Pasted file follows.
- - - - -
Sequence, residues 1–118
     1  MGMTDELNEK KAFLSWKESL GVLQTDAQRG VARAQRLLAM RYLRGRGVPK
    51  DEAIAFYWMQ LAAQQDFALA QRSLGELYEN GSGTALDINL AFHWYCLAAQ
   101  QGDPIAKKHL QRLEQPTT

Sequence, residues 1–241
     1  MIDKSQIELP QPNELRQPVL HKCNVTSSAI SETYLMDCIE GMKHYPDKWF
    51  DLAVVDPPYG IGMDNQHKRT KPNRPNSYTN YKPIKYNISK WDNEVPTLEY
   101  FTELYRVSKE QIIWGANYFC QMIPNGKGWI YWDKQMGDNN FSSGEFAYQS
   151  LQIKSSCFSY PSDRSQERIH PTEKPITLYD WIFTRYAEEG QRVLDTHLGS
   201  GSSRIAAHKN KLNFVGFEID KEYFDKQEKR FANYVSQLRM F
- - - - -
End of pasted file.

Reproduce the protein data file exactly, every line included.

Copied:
Sequence, residues 1–118
     1  MGMTDELNEK KAFLSWKESL GVLQTDAQRG VARAQRLLAM RYLRGRGVPK
    51  DEAIAFYWMQ LAAQQDFALA QRSLGELYEN GSGTALDINL AFHWYCLAAQ
   101  QGDPIAKKHL QRLEQPTT

Sequence, residues 1–241
     1  MIDKSQIELP QPNELRQPVL HKCNVTSSAI SETYLMDCIE GMKHYPDKWF
    51  DLAVVDPPYG IGMDNQHKRT KPNRPNSYTN YKPIKYNISK WDNEVPTLEY
   101  FTELYRVSKE QIIWGANYFC QMIPNGKGWI YWDKQMGDNN FSSGEFAYQS
   151  LQIKSSCFSY PSDRSQERIH PTEKPITLYD WIFTRYAEEG QRVLDTHLGS
   201  GSSRIAAHKN KLNFVGFEID KEYFDKQEKR FANYVSQLRM F